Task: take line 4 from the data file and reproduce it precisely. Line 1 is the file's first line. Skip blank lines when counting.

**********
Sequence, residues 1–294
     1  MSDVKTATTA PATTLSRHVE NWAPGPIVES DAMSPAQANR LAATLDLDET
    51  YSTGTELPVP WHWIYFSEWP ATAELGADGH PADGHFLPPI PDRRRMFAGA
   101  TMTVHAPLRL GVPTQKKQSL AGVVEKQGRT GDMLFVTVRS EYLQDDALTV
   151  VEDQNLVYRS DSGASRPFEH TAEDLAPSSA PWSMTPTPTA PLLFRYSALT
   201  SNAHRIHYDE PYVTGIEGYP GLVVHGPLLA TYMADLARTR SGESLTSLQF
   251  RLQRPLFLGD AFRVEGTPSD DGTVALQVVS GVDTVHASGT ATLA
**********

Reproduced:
   101  TMTVHAPLRL GVPTQKKQSL AGVVEKQGRT GDMLFVTVRS EYLQDDALTV